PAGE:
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Sep 02nd
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Teepee Tidbits

occupy teepeeFRESH DIRT > A look at an Occupy Santa Cruz landmark

The winter sun has bleached the colony of tents that house Occupy Santa Cruz protestors. Whether nostalgically lauded as a ’60s era throwback to communal living born of common cause or dismissed as the shantytown of squatters, one aspect of the tent town is undeniable—it is anchored by the stately teepee hoisted in its center, 20 feet tall and slicing the sky.  Accounts of its conception differ—some occupiers claim it was the work of local Ohlone tribesman Blind Bear while others credit an intrepid woman who had a plethora of bamboo stalks gathering dust in her garage.

Its differing origin stories mirror the malleable nature of its purpose. Frank, a soft-spoken self-described drifter who sports a “Clean and Sober for Two Years” dog tag and calls the gathering a “detox center” since drugs, (aside from medicinal marijuana) and alcohol are banned on its premises, says that medical care is often administered inside the sheltered canvas circle. The teepee is a decidedly shared space, and as such is often favored by those who don’t have tents of their own. “It’s a haven for the homeless—well,” Frank, a former salesman, interrupts himself, “I don’t like the term homeless. There’s a stigma attached to it in our society. It implies sub-human. I prefer accommodation-challenged.” Much has been made of the convoluted social politics of Occupy Santa Cruz—one circulating concern is that people who normally struggle to sleep peacefully on the streets have flocked to the campgrounds, utilized donated supplies and even looted tents without participating.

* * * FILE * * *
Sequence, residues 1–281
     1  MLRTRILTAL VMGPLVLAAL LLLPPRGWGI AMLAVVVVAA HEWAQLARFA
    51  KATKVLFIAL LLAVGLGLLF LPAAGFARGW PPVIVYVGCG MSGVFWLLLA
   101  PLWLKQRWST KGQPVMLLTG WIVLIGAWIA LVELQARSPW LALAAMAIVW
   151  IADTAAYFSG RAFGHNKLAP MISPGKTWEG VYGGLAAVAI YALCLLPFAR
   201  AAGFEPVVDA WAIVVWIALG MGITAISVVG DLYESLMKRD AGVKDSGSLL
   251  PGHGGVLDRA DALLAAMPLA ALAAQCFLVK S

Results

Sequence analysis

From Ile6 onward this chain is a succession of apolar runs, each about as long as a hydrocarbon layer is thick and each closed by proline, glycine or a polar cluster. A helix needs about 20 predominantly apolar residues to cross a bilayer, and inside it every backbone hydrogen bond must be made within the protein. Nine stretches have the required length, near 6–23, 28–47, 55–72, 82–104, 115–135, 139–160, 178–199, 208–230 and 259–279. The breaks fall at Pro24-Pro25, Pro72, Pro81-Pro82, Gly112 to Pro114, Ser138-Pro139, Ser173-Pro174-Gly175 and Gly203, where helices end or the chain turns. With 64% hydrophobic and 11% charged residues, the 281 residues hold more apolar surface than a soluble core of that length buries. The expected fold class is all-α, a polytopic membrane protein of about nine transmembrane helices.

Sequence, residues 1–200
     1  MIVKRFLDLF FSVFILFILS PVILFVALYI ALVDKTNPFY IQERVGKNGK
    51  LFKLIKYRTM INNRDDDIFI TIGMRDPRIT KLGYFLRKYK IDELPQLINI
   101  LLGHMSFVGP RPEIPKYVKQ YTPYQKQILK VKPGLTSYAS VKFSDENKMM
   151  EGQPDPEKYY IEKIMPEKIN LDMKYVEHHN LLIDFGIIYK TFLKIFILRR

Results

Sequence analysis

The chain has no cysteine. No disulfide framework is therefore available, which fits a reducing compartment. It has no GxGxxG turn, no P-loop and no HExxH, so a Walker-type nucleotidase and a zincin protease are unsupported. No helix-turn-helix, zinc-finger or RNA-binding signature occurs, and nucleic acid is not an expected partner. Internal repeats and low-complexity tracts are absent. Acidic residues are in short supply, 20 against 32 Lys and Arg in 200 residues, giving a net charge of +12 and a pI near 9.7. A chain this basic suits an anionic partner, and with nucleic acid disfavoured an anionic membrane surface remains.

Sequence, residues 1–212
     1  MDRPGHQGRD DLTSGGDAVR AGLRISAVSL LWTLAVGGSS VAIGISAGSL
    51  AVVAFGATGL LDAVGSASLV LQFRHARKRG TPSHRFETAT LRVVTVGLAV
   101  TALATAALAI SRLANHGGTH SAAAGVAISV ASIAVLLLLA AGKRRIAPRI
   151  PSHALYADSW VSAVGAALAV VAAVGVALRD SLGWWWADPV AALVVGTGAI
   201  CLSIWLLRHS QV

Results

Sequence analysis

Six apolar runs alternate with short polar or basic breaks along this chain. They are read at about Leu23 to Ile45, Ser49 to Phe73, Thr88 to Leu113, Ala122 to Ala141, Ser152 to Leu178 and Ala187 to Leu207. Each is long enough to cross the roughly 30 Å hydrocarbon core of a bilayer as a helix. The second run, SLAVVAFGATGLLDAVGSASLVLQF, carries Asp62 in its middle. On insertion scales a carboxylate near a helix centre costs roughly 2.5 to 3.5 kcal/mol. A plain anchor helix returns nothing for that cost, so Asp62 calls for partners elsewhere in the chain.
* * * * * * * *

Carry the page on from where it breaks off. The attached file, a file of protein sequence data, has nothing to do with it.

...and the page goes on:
Tensions exist between those who are there to occupy and those who are simply along for the ride, and are compounded by the blurry line that sometimes divides them. The teepee’s neutral location between the camps makes it an ideal spot for “discussion and spiritual healing,” according to San Diego native Kent. “Police aren’t authorized to be inside and neither is anyone with violent intentions.” His artist neighbor, Wayne—who painted in acrylics one of the teepee’s more compelling images (a pulsing sun)—agrees. He was the first to decorate the tepee and provided the materials for others to follow suit. “Some images reference the natives--the rightful owners of this land,” Wayne says. “Some are abstract. All are unique. We want as many as possible to be included.”

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